13 July 2017
Risk warnings and valuation clarity for “safeguarded flexible benefits” arrives
In September 2016 the Department for Work and Pensions consulted on new regulations aimed at pension scheme members with “safeguarded flexible benefits” (see Pensions Bulletin 2016/39). These are benefits which are defined contribution in nature but offer some form of guarantee in relation to the pension income that will be available to the member such as a guaranteed annuity rate.
The purpose of the consultation was twofold – to simplify how such benefits should be valued for the purpose of assessing whether or not the £30,000 threshold for the exemption to the independent advice requirement is reached and to introduce new consumer protections for members with these benefit entitlements who wish to transfer or convert them and in so doing lose potentially valuable guarantees.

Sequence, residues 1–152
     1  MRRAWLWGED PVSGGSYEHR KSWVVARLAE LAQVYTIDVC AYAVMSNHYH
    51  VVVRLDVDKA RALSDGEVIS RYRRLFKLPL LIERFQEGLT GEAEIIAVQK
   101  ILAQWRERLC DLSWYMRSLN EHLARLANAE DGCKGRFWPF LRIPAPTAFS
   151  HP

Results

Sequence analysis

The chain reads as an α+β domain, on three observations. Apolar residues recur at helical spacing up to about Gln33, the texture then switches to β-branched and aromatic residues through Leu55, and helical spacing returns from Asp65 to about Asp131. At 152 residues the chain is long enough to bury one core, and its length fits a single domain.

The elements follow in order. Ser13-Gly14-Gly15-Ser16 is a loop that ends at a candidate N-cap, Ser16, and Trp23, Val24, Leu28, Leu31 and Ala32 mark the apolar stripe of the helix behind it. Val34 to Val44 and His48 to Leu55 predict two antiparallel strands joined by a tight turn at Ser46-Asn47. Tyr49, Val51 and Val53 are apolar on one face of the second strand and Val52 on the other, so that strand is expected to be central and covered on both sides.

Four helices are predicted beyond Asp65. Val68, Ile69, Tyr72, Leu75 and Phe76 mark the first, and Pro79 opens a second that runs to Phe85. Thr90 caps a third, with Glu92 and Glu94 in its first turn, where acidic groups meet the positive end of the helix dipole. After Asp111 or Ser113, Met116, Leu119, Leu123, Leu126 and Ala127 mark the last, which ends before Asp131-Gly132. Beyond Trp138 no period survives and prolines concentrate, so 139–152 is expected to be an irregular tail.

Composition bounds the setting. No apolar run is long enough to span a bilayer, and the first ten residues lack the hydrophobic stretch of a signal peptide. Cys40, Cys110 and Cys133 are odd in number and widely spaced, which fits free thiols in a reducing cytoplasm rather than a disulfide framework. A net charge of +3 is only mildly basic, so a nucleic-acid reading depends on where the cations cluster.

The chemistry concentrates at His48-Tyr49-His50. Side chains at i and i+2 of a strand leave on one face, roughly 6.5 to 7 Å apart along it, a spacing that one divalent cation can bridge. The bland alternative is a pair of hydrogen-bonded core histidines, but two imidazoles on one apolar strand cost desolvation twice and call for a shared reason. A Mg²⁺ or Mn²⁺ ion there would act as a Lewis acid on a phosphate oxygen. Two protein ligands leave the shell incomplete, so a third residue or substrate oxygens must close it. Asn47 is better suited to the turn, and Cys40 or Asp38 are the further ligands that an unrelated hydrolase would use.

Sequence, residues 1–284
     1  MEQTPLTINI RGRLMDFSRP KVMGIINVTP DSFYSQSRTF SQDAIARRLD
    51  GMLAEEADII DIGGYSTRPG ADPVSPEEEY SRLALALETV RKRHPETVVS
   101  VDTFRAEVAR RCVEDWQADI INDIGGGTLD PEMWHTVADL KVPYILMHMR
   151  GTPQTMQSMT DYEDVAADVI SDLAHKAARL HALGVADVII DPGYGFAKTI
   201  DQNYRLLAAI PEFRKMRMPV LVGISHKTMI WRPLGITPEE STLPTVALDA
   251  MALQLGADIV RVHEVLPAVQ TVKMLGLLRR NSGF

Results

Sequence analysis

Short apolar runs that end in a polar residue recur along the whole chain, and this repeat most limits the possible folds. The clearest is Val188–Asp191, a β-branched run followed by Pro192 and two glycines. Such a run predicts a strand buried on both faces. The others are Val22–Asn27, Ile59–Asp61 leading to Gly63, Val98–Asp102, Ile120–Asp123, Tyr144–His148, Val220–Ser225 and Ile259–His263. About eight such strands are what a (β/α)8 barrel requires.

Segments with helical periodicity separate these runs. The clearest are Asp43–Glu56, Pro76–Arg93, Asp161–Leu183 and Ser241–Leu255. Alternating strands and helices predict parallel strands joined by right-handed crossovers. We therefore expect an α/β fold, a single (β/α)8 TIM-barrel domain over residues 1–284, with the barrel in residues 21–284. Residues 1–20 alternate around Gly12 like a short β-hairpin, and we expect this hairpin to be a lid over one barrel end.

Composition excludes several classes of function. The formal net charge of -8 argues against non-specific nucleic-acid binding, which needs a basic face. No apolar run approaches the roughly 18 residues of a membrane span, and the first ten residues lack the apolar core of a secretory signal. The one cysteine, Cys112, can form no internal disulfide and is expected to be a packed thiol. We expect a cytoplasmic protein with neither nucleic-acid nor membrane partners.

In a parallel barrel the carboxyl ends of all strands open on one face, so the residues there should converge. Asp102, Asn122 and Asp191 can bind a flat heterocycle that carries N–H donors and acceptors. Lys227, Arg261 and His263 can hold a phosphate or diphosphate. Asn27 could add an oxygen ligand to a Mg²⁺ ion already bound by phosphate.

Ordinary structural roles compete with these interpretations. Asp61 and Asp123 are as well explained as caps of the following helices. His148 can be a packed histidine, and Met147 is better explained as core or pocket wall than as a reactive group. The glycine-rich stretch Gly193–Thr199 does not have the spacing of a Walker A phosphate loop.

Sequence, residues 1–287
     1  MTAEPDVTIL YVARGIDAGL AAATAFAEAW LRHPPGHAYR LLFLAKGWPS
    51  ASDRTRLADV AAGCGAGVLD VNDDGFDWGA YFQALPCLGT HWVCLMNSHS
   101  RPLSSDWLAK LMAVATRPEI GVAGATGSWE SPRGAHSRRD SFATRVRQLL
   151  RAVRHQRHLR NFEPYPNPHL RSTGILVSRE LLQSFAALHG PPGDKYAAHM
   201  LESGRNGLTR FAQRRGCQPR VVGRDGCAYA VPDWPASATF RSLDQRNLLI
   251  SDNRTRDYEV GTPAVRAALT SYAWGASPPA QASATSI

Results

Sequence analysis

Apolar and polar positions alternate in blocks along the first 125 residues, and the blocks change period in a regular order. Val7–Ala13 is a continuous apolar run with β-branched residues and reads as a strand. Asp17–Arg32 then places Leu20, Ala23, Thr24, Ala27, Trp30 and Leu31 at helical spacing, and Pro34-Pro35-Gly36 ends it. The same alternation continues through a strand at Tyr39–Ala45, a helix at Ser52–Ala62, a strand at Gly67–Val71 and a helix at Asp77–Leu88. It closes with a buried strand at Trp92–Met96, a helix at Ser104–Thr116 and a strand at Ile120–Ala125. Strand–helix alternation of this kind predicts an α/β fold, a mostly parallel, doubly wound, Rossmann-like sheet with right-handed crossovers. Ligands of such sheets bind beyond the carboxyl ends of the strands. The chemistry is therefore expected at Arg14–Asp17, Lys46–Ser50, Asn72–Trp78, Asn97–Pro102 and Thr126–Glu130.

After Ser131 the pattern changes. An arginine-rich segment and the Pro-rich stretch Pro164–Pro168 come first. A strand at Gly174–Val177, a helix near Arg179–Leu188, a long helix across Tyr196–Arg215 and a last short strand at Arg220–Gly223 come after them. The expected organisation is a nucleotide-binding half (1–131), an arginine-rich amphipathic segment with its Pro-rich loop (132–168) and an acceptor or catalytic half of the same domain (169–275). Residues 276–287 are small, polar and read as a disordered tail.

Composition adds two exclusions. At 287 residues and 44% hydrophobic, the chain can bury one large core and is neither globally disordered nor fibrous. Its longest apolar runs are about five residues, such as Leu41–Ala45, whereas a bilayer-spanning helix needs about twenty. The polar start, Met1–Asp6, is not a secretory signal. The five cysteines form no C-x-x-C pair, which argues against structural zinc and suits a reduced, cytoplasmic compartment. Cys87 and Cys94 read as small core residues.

The DWP has now responded to the consultation with the regulations consulted on split into two sets.
The Pension Schemes Act 2015 (Transitional Provisions and Appropriate Independent Advice) (Amendment No. 2) Regulations 2017 (the Valuation Regulations) are substantially in the same form as those consulted on last year, prescribing that safeguarded flexible benefits must be valued using the cash equivalent transfer value method. There are the following changes following consultation:
- A provision of the transfer value regulations which might have resulted in a higher valuation is to be disregarded in the valuation of members’ safeguarded benefits when determining whether the exception to the advice requirement applies